In an interview with Haaretz, Dr. Gideon Steinitz, one of the head researchers of that team, explained the problem with a medical analogy: "We have found the connection between smoking and cancer, but we can't say exactly who is going to get cancer and when."

Minister without Portfolio Benny Begin, who was also part of the team and is former director of Israel's Geological Institute, said recently in a Knesset debate that, "the probability of a strong and fatal earthquake in Israel, like the one in 1927 [which registered 6.2, and killed some 500 people], is steadily increasing."

In Begin's opinion, the best way to prepare for an earthquake is to construct buildings according to proper standards. Dr. Frieslander agrees, stressing that it is possible at least to minimize damage to people and property, "if we build correctly. The building standards have been formulated on the basis of monitoring quake-prone areas. We analyze earthquakes and on this basis, we prepare maps that determine the Israeli standard and determine how to build and what to take into account."

The construction standards designed for potentially dangerous areas are aimed at making buildings capable of absorbing as much as possible of the energy released during a quake. It could have been possible, for example, to reduce the death toll in the strong earthquakes in Turkey in 1999, in which about 17,000 people were killed: According to many testimonies, the houses that collapsed were built of unsuitable materials, with sand and shells in their supporting walls.

"We could design a building with conventional techniques that would survive the largest earthquake without damage," Andre Filiatrault, of the Multidisciplinary Center for Earthquake Engineering Research at the State University of New York at Buffalo, told Scientific American, "but it would be so expensive no one would build it."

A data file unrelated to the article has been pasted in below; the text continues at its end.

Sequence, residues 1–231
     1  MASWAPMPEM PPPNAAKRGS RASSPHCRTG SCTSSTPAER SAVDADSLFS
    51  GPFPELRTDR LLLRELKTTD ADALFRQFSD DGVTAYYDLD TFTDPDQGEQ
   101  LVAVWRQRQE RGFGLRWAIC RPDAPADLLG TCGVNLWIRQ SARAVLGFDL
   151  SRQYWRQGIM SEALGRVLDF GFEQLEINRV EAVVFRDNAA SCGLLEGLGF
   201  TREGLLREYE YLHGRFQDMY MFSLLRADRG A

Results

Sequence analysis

With the aim of reducing damage even further, in a number of wealthy Western countries new systems have been installed that warn of a strong earthquake a few seconds before it occurs. Though the efficacy of these systems is in doubt, it is clear that early warning enables the authorities to warn people to leave their houses, to stop subway trains and even to prevent ecological disasters by shutting down nuclear reactors. A system of this sort has already been installed in earthquake-prone areas, such as metropolitan San Francisco, and in the mass-transit systems of Tokyo and Taiwan.

A more encouraging development in the field ensued after the tsunami in the Indian Ocean in December 2004. Then, in the wake of an earthquake of between 9.1 and 9.3 on the Richter scale, giant waves battered 14 different countries and caused the deaths of approximately 230,000 people. Thereafter, an agreement was reached for the establishment of an international system that will inform states of earthquakes that are liable to lead to fatal tsunamis. Such a warning, which can be issued up to several hours before the waves hit the shoreline, will enable extensive evacuation of the population before the disaster strikes. Small signs delineating areas in danger of flooding, and public-address systems, have already been put in place on some of the islands of Thailand.

As for anticipating the earthquakes themselves, Frieslander tries to remain optimistic. "Fifty years ago no one could have predicted the Internet," he says. In the meantime, he emphasizes, the key to reducing loss of life and property lies in construction that enables buildings to better withstand earthquakes.